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Will BHP cut the dividend?
The recent credit rating downgrade from S&P wouldn’t come as a surprise, as there had been much talk that the mining giant required an iron ore price (which contributed 46% of EBIT in 1H15) of $85/t and oil (petroleum contributed 25% of 1H15 EBIT) of $70/bbl. to maintain it’s A-rating.
Providing these key commodities stay around current levels and BHP fails to alter its capital management, further downgrades seem enviable (especially given the ‘Big Australian’ is on negative credit watch) and this would not be taken well by those holding BHP’s equity. There is strong focus on whether BHP will cut its dividend from 62c in 1H15 this earning season and one suspects the dividend will be slashed. It may even by halved and the fact BHP yields 9% seems unsustainable.
It must be said that with gearing of 24% and net debt to EBITDA of 1.45X one could understand if BHP did leave the dividend unchanged. With such financial health one suspects that leaving the dividend unchanged would be a strong stamp of confidence and the shares should rally, but this is presumptuous and many feel that the dividend has to be cut at some stage, so why wait? Clarity is key.
Other key considerations for the market:
- Guidance for 2016 capital expenditure (CAPEX) stands at $8.3 billion, but there is clear scope for this number to be reduced. In fact, given the level of free cash flow generated (at current spot prices), its CAPEX commitments when aggregated with the current dividend payout is probably unsustainable without another ratings downgrade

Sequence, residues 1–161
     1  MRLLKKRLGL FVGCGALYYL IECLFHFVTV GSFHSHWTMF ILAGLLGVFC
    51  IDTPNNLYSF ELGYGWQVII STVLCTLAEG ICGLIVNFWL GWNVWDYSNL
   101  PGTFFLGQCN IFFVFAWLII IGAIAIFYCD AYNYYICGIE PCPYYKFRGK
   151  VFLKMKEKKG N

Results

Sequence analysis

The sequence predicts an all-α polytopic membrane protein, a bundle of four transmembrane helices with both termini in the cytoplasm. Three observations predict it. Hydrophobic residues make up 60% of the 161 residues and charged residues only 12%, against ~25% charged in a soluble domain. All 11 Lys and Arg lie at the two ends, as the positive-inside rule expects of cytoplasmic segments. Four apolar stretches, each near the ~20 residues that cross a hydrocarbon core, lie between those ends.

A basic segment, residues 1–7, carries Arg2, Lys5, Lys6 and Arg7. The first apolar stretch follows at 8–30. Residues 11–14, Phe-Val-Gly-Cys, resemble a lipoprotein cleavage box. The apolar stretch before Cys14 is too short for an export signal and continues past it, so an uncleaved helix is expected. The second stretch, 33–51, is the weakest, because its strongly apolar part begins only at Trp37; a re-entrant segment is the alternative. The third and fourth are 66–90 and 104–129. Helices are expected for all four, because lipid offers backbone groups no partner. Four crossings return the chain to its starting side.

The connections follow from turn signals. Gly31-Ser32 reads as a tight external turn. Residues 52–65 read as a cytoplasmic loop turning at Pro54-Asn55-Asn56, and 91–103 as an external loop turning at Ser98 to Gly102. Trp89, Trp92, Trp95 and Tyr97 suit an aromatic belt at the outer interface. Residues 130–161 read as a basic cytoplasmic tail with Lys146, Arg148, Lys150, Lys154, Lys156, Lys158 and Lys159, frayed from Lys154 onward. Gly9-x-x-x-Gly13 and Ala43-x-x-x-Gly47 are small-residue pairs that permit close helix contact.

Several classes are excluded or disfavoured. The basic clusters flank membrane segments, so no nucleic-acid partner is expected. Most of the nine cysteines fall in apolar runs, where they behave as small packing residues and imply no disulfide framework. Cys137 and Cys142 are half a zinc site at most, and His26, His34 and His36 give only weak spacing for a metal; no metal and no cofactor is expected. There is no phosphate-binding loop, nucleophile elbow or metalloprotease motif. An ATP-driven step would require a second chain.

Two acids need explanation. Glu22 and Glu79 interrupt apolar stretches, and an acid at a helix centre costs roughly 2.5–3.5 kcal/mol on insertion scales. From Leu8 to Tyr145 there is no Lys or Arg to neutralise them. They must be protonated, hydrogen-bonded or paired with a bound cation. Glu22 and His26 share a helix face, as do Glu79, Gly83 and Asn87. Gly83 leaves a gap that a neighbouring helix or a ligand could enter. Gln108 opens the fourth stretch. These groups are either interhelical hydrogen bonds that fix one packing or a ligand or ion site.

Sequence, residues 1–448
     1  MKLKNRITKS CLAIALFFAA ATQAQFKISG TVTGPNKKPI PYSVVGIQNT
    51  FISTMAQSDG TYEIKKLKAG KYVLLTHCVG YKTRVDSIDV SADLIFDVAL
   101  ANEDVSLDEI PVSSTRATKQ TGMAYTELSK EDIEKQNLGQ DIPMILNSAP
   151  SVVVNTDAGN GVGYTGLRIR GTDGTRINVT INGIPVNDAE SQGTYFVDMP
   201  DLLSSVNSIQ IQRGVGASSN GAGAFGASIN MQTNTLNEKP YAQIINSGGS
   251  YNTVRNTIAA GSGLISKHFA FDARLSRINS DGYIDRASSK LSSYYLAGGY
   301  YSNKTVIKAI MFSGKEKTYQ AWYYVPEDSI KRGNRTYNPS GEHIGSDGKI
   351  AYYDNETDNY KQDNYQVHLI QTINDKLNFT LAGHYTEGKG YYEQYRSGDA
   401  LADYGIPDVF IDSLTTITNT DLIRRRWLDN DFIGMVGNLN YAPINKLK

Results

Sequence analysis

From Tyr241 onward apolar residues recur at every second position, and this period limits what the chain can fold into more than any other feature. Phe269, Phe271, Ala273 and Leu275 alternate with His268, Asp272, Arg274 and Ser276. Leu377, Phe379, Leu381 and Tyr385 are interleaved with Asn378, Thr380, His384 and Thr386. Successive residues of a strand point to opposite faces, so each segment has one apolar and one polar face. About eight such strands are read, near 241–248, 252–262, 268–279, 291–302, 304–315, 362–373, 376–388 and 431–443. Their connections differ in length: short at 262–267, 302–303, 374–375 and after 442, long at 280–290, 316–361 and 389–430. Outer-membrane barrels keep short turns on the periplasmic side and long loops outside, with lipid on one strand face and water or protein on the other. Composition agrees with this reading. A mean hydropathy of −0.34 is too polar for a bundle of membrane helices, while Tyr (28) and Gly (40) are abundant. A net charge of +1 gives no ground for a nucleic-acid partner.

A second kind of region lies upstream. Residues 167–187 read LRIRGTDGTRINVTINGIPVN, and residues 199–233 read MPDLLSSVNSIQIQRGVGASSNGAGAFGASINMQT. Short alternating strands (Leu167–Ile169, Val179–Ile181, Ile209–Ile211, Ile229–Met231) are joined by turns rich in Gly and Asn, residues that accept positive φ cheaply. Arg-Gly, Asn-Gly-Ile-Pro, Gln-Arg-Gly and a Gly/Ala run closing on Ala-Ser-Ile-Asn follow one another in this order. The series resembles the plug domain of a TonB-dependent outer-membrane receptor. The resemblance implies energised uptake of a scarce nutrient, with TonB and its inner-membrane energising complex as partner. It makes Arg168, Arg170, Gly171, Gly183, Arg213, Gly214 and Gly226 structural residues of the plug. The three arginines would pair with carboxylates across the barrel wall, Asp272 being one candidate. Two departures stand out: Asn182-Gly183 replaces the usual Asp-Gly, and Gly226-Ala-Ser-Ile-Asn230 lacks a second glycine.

- Will there be further write-downs to asset value, notably to its US onshore assets? BHP only recently announced write-downs here, but again there is scope for more
- Any views around further production levels in its petroleum division
- Catalysts for future growth projects
- Update on Samarco legal costs
- Hints of an equity raising. This is a low probability, but a raising is certainly on the radar
Consensus expectations for 1H16 earnings (these are the numbers which traders will immediately key off):
- Revenue – $15.94 billion (-46% YoY)
- EBITDA – $6.14 billion (-57%)
- Underlying NPAT – $750.6 (-84%)
- Net operating cash flow – No consensus on this metric, but the figure is likely to be less than $5 billion ($10.324 billion pcp)
- Net debt – $26.47 billion
BHP is not the most consistent performer when it comes to beating the streets’ expectations for revenue or NPAT. As a rule, investors and traders will naturally have far more confidence around holding during earnings season if the company consistently beats expectations. In five of the last eight half-yearly reports BHP has missed revenue and EPS expectations. The average move on the day has been 2.1%, so we can always expect good volatility.